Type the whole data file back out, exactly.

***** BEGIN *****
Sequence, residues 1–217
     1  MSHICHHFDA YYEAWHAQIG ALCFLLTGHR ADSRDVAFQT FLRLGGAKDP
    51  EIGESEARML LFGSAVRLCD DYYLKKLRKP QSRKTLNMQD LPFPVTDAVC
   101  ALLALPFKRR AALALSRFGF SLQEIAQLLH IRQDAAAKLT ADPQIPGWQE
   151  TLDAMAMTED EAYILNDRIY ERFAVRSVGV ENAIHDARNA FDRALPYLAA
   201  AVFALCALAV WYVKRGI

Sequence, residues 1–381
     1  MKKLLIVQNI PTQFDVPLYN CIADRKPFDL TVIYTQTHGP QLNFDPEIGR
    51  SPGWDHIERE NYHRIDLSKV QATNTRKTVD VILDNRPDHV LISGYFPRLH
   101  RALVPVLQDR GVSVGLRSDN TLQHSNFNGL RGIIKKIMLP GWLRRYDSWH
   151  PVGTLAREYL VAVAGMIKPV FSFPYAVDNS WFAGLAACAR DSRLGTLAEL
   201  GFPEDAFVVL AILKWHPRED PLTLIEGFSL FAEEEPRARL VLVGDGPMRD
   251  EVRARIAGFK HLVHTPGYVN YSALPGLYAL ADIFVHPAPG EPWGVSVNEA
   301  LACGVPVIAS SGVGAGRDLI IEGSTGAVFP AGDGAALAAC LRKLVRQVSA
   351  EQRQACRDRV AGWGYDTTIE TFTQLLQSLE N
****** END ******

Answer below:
Sequence, residues 1–217
     1  MSHICHHFDA YYEAWHAQIG ALCFLLTGHR ADSRDVAFQT FLRLGGAKDP
    51  EIGESEARML LFGSAVRLCD DYYLKKLRKP QSRKTLNMQD LPFPVTDAVC
   101  ALLALPFKRR AALALSRFGF SLQEIAQLLH IRQDAAAKLT ADPQIPGWQE
   151  TLDAMAMTED EAYILNDRIY ERFAVRSVGV ENAIHDARNA FDRALPYLAA
   201  AVFALCALAV WYVKRGI

Sequence, residues 1–381
     1  MKKLLIVQNI PTQFDVPLYN CIADRKPFDL TVIYTQTHGP QLNFDPEIGR
    51  SPGWDHIERE NYHRIDLSKV QATNTRKTVD VILDNRPDHV LISGYFPRLH
   101  RALVPVLQDR GVSVGLRSDN TLQHSNFNGL RGIIKKIMLP GWLRRYDSWH
   151  PVGTLAREYL VAVAGMIKPV FSFPYAVDNS WFAGLAACAR DSRLGTLAEL
   201  GFPEDAFVVL AILKWHPRED PLTLIEGFSL FAEEEPRARL VLVGDGPMRD
   251  EVRARIAGFK HLVHTPGYVN YSALPGLYAL ADIFVHPAPG EPWGVSVNEA
   301  LACGVPVIAS SGVGAGRDLI IEGSTGAVFP AGDGAALAAC LRKLVRQVSA
   351  EQRQACRDRV AGWGYDTTIE TFTQLLQSLE N